That done all I had to do was cover the, as I thought it, 50 miles to Kinnaird Castle outside Brechin, where my aunt is a tenant and had succeeded in securing a room for me in the castle itself which are normally rented out by holiday-makers. So what better motivator was there than great food, my own room and bed, and above all someone familiar?

The route was an exceptionally picturesque one, heading north out of Pitlochry onto seemingly the roof of Perthshire with suitably strained breathing. The sun was strong and ever-present again. I passed many little communities, encountering very few cars. It wasn’t until I joined the road to Blairgowrie that the road deteriorated and the traffic worsened.

My Mum, always with half a mind on my stomach, had found a nice stop on my sparsely-populated course. I pulled up at the Old Cross Inn just within Blairgowrie and as I was getting myself sorted out a man appeared. He asked if he could help and I said I was after a drink and some food. He said that unfortunately the chef was away and the kitchen was closed. Obviously he took pity on my sighs of dismay and generally ragged appearance. “I can put the fryer on and do you a bowl of chips.” It ended up a bowl of chips, a pint of Coke and a cheese and ham toastie. I enjoyed my chat with Liam, for that is his name, just as much. Your hospitality will not be soon forgotten.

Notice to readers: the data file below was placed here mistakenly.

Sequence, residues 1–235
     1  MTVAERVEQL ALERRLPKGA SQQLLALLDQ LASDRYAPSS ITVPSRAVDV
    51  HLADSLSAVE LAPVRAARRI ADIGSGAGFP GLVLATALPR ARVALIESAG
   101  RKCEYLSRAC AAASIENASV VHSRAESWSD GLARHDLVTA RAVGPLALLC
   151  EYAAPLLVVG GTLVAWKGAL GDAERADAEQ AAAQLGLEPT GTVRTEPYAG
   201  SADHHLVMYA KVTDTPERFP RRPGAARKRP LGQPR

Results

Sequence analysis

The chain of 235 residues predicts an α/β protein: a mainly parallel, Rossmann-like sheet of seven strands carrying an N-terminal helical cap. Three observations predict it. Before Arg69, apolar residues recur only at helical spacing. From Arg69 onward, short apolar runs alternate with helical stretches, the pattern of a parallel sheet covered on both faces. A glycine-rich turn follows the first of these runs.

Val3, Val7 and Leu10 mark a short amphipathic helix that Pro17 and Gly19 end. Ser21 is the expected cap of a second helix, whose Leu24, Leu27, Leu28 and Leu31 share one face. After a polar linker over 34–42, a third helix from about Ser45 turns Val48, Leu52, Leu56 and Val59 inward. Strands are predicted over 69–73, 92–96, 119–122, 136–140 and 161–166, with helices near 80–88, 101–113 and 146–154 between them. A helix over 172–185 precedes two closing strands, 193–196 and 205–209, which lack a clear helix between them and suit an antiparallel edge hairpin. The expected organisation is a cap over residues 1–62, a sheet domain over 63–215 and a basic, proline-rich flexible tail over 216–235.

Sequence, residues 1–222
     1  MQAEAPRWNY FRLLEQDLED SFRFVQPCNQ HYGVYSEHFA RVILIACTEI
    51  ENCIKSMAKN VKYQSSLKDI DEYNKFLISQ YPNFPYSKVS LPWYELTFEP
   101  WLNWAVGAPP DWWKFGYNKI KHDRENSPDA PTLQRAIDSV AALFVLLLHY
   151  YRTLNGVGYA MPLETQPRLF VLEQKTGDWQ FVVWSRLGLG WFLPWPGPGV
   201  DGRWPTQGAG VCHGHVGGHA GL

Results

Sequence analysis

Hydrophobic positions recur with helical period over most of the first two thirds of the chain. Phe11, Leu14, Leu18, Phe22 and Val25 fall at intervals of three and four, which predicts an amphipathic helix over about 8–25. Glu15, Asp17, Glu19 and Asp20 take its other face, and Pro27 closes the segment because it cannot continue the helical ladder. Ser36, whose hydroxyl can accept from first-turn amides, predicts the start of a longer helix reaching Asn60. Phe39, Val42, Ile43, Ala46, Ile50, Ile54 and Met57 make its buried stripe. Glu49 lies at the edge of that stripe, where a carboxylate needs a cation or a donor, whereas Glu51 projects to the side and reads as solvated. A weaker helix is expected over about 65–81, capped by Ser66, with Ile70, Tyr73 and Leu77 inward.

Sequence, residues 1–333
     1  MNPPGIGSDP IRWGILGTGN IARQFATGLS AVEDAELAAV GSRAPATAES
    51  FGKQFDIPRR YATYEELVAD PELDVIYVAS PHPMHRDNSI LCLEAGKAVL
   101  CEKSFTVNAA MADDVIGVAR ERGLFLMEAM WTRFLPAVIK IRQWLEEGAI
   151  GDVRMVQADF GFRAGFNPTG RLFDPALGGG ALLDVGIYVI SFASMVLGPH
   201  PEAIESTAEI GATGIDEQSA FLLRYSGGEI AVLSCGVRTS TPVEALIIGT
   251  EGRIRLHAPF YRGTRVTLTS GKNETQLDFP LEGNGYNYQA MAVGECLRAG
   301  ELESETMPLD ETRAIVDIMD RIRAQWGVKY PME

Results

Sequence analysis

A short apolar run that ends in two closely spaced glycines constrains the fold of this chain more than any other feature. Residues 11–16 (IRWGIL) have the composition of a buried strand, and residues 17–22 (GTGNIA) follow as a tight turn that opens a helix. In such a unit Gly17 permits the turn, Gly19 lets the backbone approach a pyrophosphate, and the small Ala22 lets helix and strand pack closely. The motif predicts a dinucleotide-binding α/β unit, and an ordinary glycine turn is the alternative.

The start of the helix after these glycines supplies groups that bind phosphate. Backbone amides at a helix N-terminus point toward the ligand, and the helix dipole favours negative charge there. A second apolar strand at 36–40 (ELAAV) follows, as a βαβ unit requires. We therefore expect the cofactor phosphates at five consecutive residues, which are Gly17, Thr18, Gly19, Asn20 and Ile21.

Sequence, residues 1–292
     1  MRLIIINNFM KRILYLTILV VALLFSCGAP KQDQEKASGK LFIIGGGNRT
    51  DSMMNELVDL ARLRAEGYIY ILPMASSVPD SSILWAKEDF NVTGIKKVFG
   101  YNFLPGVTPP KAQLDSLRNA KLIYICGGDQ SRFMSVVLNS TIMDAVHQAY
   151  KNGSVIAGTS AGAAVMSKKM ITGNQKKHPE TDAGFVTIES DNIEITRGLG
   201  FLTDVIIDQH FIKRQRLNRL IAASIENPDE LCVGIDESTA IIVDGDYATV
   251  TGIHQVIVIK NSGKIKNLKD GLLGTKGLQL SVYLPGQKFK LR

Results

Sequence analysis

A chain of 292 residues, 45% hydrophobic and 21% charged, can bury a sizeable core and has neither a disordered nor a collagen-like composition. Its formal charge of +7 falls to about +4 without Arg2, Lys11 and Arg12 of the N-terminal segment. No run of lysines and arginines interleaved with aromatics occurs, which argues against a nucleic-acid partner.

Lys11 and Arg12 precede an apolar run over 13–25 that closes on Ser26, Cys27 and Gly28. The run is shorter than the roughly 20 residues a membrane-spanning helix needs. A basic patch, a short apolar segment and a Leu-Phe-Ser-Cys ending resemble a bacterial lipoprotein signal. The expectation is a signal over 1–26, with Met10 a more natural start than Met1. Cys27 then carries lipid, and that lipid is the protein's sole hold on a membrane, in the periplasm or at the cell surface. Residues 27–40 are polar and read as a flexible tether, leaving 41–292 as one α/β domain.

So taken was I with the charm of such encounters that upon leaving I neglected to secure my backpack to the rack. A massive honk from a truck behind me told me as much. It was in the middle of the road. Lesson learned, and reflecting on how life is instances of good and bad luck, I carried on to Brechin.

I’d said in my phone call to my aunt that I’d arrive by 5PM. Kirriemuir only just went by at 4.45PM. The road out of Forfar, connecting with the one to Montrose and Brechin, seemed to go on forever. 55 miles came and went on my odometer. I began to notice familiar views, however, and I took the turn off to Farnell knowing I was home.